Every year, between March and June, the 14-km shoreline of Japan’s Toyama Bay is lit up in blue. The electrifying light show isn’t man-made; it’s a natural phenomenon, caused by thousands of bioluminescent cephalopods known as ‘Glowing Firefly Squids’. These fascinating creatures normally live 1,200 ft underwater, but are pushed to the surface by waves during the Hotaru Ika (firefly squid) season.
Firefly Squid, or Watasenia Scintillans, are normally about three inches long and covered with photophores. Large photophores are present around their eyes and on the tips of their tentacles, while tiny photophores cover the entire body. These photophores contain light-producing chemicals that are responsible for the squid’s bioluminescence. Fireflies have similar photophores, so the squid are named after them.
The arrival of the Firefly Squid creates a festive atmosphere along the shore – it’s almost like an annual reunion of sorts. Thousands of squid can coordinate their deep blue light to flash in unison or alternate in infinite patterns, creating a twinkling effect. Each pattern serves a different purpose. On-and-off flashes attract small fish, which the squid pounce on with their powerful tentacles. Counter-illumination allows the squid to blend in with the light cascading from above, protecting them from predators. The creatures’ mating season also coincides with this period; millions of squid come to the surface at night to fertilize and drop their eggs in Toyoma Bay. The season brings thousands of tourists to the region, who flock at the bay to admire the unique display of lights.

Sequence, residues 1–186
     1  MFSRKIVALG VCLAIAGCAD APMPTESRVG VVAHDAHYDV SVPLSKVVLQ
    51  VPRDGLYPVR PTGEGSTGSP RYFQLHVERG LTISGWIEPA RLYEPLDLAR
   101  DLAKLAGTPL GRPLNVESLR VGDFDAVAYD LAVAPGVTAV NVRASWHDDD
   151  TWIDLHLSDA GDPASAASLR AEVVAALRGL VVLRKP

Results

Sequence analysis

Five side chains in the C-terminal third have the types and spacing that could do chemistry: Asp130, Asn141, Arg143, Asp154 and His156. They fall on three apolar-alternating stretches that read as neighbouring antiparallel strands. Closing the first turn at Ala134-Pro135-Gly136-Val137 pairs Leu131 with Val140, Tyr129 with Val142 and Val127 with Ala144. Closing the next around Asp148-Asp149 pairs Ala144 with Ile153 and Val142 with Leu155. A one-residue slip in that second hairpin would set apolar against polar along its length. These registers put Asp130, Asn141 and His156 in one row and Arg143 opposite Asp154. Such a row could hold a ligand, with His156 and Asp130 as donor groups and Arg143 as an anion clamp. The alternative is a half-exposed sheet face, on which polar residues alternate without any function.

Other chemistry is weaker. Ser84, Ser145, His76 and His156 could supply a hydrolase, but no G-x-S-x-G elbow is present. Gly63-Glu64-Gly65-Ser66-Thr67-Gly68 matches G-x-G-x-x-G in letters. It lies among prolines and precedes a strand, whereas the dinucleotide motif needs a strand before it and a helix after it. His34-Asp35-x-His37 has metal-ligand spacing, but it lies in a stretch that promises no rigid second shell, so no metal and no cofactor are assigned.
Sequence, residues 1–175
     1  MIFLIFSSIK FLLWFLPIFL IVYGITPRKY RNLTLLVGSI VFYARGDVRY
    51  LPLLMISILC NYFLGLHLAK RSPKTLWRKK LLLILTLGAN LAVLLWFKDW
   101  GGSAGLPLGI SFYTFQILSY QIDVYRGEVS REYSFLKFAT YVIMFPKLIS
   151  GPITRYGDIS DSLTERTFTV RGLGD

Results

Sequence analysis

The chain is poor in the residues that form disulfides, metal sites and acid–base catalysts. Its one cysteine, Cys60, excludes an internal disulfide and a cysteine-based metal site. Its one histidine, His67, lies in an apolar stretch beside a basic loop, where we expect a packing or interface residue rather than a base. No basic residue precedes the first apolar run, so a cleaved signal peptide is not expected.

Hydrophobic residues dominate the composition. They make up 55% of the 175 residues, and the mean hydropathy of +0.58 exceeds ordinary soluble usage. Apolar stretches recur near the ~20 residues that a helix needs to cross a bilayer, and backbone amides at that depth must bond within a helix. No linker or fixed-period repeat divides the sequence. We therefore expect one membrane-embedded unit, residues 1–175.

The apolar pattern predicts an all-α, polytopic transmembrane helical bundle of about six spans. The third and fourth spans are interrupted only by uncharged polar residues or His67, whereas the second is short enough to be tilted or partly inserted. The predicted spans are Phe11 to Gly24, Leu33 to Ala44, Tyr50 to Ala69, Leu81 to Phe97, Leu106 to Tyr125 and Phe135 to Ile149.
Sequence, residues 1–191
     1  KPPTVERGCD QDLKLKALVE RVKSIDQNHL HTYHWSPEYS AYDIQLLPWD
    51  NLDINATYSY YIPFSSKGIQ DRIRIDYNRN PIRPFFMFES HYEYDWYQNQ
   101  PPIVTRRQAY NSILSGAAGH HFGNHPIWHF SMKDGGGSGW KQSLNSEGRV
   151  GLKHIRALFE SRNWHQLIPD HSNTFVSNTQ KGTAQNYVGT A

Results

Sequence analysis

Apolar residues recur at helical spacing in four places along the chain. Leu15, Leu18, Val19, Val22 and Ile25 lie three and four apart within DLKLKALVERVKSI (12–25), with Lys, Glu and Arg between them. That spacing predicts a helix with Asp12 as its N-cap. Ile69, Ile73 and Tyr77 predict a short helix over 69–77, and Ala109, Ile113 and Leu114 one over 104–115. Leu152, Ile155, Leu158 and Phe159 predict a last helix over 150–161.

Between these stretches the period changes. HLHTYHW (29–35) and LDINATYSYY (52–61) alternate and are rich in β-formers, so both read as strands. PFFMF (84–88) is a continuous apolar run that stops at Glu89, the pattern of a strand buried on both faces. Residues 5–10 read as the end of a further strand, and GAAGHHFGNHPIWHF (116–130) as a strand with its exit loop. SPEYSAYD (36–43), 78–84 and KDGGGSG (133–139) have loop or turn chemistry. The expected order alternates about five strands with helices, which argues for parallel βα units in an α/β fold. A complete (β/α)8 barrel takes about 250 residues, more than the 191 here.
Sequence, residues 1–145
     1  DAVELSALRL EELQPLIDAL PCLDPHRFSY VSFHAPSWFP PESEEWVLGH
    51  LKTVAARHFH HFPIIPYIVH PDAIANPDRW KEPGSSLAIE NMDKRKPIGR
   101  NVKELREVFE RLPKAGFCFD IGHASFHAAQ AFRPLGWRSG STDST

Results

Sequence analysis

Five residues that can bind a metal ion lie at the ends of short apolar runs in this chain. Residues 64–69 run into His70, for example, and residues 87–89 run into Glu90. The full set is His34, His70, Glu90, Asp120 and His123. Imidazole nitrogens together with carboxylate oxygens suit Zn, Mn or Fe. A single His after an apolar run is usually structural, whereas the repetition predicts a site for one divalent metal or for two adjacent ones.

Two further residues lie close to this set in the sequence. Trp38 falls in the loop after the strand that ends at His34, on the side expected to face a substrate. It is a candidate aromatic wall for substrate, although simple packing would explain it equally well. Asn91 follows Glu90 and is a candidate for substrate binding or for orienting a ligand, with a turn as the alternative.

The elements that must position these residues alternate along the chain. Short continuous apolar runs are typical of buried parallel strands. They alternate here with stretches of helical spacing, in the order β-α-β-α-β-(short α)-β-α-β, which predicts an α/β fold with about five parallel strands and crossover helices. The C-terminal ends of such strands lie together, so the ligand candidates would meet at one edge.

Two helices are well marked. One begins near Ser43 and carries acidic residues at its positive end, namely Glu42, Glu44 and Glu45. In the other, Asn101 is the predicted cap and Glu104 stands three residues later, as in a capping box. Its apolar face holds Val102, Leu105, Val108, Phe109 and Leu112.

The Hotaru Ika museum at Namerikawa fishing port, in Toyama prefecture, is the world’s only museum dedicated to the firefly squid. The museum conducts Firefly Squid Sightseeing tours every year between March and May. Sightseeing boats depart the port shortly after 3am, making a short journey to fixed nets located about 1 to 2 km offshore. As the fishermen haul in their nets, the Firefly Squid’s light makes the surface of the sea glow, making tourists gasp with delight.
The museum also has interactive exhibits and a research center that studies squids’ mating behavior and sustainable fishing techniques. There’s a restaurant on the roof that offers a lovely view of Toyama bay, and serves delicacies like firefly squid tempura. The gift shop features squid in freeze-dried, powdered, tinned, and candied varieties.
Firefly Squid is considered a delicacy in Japan, and there are lots of ways to eat it – raw, grilled, stewed or tempura. BBC Travel reports that locals prefer to pop the eyes off freshly caught raw squid and swallow them whole. There’s also fresh squid sushi or sashimi that can be paired with a few glasses of local sake. Don’t expect these dishes to glow on the plate, though!